Rights lawyer Wang Yu and activist husband Bao Longjun have both been in secret detention since July’s “Black Friday” crackdown. Wang was taken from her home, and Bao from the airport as their 16-year-old son Bao Zhuoxuan waited to fly to Australia to attend school. Bao Zhuoxuan’s passport was confiscated, and he was taken to his grandparents’ house in Inner Mongolia. On October 9, he was detained along with two rights activists in Mong La, Myanmar. The three were reportedly waiting to travel to Thailand, where the boy planned to apply for asylum in the United States.
Foreign media then reported that the younger Bao is under house arrest at his grandparent’s home in Inner Mongolia. Some commentators noted their suspicion that the boy became “collateral damage” in the ongoing crackdown on civil society, authorities planning to use him as a “‘hostage’ to negotiate” his parents’ cooperation. Last week, state media attempted to flip the narrative, publishing Chinese- and English-language reports lashing out at the foreign media for “fabricating” details of the story, and claiming that a plot by “external forces” had entangled the boy in a political dispute. On October 17, state broadcaster CCTV showed footage of Wang Yu and Bao Longjun distressed upon learning news of their son. Verna Yu reports for the South China Morning Post:
State broadcaster CCTV yesterday aired footage of the couple, filmed separately, talking emotionally about their son, who was caught after he entered Myanmar earlier this month while trying to flee abroad with the help of two activists.
[…] “My boy is too young, he is not yet an adult. Regardless of what organisation took him away, it’s wrong,” Bao said on camera. Another shot showed him breaking down in tears.
A shot showed Wang panting heavily, looking fatigued and stressed. In separate footage, she said: “I want to condemn this behaviour, this is very dangerous and it’s illegal.”
“I don’t want this to happen again… as his parent, I hope the police can protect him,” she continued. “I hope those with ulterior motives will not disturb our child’s normal life again.” […] [Source]
A separate video report from SCMP relays the state television footage of Wang Yu and Bao Longjun.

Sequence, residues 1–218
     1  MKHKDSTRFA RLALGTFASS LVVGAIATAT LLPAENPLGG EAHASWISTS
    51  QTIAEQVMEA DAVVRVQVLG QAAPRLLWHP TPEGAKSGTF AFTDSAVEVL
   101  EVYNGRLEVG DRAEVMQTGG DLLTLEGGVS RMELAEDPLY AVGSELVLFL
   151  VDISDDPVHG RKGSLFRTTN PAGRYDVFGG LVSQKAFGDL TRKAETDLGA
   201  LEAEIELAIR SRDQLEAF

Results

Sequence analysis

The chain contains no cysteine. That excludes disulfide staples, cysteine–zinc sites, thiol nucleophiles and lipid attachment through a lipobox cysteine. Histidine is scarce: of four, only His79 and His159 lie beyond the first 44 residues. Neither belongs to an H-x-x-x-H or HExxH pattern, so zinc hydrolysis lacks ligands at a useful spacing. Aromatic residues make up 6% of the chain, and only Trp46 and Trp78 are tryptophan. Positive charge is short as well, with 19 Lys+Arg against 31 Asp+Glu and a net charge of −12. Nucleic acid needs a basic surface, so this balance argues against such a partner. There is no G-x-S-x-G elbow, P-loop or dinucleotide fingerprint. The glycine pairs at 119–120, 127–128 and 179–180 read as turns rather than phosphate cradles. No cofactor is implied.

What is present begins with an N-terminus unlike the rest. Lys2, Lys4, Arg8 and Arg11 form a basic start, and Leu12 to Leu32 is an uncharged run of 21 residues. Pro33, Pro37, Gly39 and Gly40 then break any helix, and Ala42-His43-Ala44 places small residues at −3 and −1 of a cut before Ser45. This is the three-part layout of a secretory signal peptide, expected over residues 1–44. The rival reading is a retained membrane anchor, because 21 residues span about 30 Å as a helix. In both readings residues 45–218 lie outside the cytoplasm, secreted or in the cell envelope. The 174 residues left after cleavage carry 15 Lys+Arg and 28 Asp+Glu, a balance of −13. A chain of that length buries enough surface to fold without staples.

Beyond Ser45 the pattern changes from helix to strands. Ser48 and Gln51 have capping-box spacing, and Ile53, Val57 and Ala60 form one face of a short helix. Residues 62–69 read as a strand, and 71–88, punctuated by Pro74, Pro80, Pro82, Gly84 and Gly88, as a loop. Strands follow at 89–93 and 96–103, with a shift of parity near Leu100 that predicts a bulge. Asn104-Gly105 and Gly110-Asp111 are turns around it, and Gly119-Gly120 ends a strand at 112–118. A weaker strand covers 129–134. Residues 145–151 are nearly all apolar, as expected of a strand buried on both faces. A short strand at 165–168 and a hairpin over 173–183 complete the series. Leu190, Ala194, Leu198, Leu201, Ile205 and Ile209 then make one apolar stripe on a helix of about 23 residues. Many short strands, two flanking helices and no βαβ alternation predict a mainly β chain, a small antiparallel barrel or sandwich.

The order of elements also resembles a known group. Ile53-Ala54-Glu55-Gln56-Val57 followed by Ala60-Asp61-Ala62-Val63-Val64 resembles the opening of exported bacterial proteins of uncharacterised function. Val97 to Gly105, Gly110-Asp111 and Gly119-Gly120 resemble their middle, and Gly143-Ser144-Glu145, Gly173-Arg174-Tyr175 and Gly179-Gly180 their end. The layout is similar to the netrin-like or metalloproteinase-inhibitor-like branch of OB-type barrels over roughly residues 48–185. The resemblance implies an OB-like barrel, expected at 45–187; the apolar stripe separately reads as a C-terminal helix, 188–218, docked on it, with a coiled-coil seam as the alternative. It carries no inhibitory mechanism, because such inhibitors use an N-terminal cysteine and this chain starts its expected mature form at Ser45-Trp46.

China Change has translated a pseudonymous Weiquanwang article from an “individual […] understood to have strong information about the arrest of rights lawyers and the capture of Bao Zhuoxuan,” criticizing state media’s coverage of the 16-year-old point by point. After arguing that Bao attempted to leave China on his own will, afraid of authorities potentially using him as a hostage, the author asks why Wang Yu and Bao Longjun were allowed to talk to state media when they’ve been kept from their lawyers since being detained in July:
V. Why were his parents Wang Yu and Bao Longjun allowed to meet reporters but not their lawyers ?
Since their arrest on July 9, Wang Yu and Bao Longjun haven’t been able to see a lawyer, and CCTV and other official media now have carried these distorted reports about them. Some of the scenes look as though they were secretly recorded, then cleverly and carefully edited together, with pieces of dialogue and context missing. It’s hard to believe that what was shown on CCTV represents their true attitude and thoughts.
If even defense lawyers have not been able to visit them, why was official media allowed to do so? […] [Source]
The article continues to examine Bao Zhuoxuan’s documented desire to study abroad, and to question the state media claim that foreign agitators had smuggled the boy to Southeast Asia: “it seems that every time the authorities want to blacken someone’s name, they say there are ‘overseas organizations’ or ‘anti-China forces’ involved. The righteous act of individual citizens trying to help a young man attend the school of his choosing gets forcefully distorted into the work of some organization.” An editorial note from China Change notes that while Wang Yu was presented recently as a distraught mother, CCTV had earlier “vilified her in another distorted report.”
Among the first of more than 200 lawyers and activists detained in July, Wang Yu and Bao Longjun remain in detention in undisclosed locations. At her China Law and Policy blog, Elizabeth M. Lynch looks to a recent report from the Committee to Support Chinese Lawyers to show how the Chinese government is not just physically targeting rights lawyers, but actively shaping the law to limit their efficacy:
[…As] the Leitner Center and the Committee To Support Chinese Lawyers‘ new and seminal report Plight and Prospects: The Landscape for Cause Lawyers in China reveals, in some ways, these arrests and detentions are the least of the human rights lawyers’ worries. Instead, Plight and Prospects makes clear that over the past five years, the Chinese government has quietly and methodically used a more effective means to limit the space for cause lawyers: the law.
Although the Chinese government still relies on extra-judicial measures such as detentions, torture, constant surveillance when “free,” and pressures on families, employers and even landlords in an attempt to destroy the lawyer’s life, Plight and Prospects underscores that soon these extra-judicial methods will be unnecessary. Through amendments to the Lawyers Law (amended 2007), the Criminal Law (amended 2015), the Criminal Procedure Law (amended 2012), the National Security Law (passed 2015) and through the annual lawyer licensing procedure, the Chinese government can limit the ability of cause lawyers to practice and still pay lip service to “the rule of law.” […] [Source]